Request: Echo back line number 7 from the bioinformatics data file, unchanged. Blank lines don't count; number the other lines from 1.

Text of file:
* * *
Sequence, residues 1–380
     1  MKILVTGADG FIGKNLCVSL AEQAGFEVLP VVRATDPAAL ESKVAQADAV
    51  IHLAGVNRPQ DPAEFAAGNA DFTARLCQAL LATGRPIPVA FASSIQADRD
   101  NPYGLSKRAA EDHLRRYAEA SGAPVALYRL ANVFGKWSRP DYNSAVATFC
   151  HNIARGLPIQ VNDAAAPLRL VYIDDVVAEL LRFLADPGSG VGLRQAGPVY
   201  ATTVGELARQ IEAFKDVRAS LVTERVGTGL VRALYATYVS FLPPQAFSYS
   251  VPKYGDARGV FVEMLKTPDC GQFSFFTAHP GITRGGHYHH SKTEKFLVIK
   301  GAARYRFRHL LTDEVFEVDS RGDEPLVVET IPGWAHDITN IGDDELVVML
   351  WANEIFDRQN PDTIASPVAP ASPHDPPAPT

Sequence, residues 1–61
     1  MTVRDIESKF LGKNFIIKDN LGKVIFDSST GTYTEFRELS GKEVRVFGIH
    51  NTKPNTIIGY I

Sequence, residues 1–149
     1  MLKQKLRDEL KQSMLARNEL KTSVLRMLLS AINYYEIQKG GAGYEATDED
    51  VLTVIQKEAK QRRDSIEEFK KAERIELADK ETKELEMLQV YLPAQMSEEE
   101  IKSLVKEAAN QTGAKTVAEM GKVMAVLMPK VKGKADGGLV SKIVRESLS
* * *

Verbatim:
   251  VPKYGDARGV FVEMLKTPDC GQFSFFTAHP GITRGGHYHH SKTEKFLVIK